The Tomb of the Cybermen
THE GOLDEN MOMENT: Jamie tries and fails to escape the Cybermen.
WHY: Tomb is not a deep story. Indeed, give it any real thought and you'll find a shockingly racist, brain-dead runaround. But I was lucky enough to see it at six years of age, arguably young enough to truly appreciate it. Empty your mind anything like logic or political credibility. Giant silver monsters are after you. You have no guns or weapons or even a way out. What more is needed? And as Toberman goes apeshit and the Cyberman need to tazer the brutha into submission, Jamie makes a run for it. He cunningly avoids the Cyber patrols and reaches the ladder and freedom... zap. A Cyberman standing in the shadows blasts him to the ground. Escape is impossible. Resistance is useless. You belong to them.

The Abominable Snowmen
THE GOLDEN MOMENT: The Doctor tries to save Padmasambhava from the grip of the Great Intelligence.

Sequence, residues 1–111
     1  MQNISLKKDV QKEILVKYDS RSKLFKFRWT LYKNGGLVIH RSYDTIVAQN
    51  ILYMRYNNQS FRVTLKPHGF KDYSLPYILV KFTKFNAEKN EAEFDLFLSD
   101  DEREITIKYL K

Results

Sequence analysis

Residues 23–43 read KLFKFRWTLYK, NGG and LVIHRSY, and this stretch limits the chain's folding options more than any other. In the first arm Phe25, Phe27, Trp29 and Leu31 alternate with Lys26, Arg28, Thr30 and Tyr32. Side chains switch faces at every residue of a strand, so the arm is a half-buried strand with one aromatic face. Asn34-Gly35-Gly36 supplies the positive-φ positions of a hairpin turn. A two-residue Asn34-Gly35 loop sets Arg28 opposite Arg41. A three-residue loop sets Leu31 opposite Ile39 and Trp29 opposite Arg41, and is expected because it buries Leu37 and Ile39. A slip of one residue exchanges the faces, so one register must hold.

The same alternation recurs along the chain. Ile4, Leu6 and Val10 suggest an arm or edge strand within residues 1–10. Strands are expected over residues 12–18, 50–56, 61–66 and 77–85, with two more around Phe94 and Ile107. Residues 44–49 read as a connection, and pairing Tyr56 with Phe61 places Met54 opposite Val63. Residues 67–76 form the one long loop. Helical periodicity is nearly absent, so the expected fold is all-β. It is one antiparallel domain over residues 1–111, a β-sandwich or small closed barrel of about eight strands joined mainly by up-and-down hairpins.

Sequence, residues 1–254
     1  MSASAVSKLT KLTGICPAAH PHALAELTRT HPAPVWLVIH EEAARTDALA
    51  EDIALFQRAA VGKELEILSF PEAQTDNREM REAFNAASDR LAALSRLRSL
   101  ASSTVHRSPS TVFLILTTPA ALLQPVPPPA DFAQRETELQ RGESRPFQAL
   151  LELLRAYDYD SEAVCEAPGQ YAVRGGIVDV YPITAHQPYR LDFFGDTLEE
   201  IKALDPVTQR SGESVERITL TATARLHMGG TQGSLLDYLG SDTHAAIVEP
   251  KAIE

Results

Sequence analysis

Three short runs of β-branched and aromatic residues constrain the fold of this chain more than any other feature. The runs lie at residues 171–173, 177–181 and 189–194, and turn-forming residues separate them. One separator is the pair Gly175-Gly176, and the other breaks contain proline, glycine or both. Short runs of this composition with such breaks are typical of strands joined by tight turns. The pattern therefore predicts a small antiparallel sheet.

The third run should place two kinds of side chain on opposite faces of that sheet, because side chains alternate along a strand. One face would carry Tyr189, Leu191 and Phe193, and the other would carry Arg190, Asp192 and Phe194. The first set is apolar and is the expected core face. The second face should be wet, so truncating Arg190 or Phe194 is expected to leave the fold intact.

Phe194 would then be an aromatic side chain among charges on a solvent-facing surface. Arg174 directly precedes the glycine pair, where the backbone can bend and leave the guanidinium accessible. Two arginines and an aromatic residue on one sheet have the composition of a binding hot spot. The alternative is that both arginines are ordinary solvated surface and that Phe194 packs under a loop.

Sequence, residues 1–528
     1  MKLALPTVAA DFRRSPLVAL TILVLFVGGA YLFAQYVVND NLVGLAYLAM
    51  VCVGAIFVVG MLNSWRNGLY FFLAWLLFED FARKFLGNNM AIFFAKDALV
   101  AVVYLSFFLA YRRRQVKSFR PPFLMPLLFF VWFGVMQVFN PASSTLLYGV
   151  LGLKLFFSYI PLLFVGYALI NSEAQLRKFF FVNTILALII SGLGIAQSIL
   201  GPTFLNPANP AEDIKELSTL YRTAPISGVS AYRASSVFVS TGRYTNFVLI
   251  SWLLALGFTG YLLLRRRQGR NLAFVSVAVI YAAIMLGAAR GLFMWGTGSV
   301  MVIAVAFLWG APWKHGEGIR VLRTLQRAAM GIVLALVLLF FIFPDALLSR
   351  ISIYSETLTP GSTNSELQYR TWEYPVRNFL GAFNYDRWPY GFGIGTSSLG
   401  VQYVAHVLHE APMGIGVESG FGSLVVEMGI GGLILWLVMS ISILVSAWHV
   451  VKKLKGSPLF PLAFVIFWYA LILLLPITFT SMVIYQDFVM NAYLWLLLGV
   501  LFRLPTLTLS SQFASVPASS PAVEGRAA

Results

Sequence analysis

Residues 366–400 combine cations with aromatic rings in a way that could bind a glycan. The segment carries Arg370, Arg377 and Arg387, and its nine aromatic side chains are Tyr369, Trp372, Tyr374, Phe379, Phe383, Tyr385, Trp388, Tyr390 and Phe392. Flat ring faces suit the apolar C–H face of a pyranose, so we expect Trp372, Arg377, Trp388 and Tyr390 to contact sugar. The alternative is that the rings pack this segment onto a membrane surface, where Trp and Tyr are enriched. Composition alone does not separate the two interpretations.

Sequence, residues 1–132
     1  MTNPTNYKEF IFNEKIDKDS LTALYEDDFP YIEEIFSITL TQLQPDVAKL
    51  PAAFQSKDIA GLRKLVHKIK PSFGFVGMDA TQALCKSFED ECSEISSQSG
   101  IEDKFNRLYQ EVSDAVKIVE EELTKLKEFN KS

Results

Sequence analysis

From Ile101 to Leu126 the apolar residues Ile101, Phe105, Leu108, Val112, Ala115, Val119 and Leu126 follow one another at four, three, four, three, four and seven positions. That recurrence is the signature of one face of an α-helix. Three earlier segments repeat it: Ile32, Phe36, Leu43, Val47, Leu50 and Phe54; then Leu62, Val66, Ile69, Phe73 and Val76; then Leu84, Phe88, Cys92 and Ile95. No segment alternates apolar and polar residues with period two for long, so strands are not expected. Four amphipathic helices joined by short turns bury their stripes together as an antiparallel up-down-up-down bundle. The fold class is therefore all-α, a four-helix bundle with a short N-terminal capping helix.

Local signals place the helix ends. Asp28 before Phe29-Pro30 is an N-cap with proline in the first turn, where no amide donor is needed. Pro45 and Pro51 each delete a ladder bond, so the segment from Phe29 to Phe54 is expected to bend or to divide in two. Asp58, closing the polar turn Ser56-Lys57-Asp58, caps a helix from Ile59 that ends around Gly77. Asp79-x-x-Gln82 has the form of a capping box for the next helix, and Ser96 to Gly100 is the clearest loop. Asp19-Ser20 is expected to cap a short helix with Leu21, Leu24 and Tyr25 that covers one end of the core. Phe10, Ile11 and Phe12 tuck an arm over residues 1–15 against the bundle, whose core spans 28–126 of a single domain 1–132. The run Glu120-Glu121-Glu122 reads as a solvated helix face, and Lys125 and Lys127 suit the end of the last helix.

WHY: Things are looking up as the ancient monk is able to resist the Intelligence long enough to have once last meeting with his friend. "I have been kept alive so many years, but now our time left is very very short. Listen carefully, intelligence... formless in space... I astral travelled..." The Doctor is aghast as Padmasambhava reveals the Intelligence has controlled his body and used his mind to achieve material form. "You must help me," the old man begs. "Yes, of course I will help you!" the Doctor replies, "But why are the monks been driven away? What is the purpose of the Yeti? Where is their control?" Padmasambhava cannot reply, having slumped dead of old age. Devastated the Doctor leaves the inner sanctum, not realizing the Intelligence has been in control of Paddy all the time and has been spun a yarn. The moment our hero is gone, the withered corpse sits up and grins. The nebulous Lovecraftian threat is not merely trying to end the world, it's getting a real thrill out of its cruelty...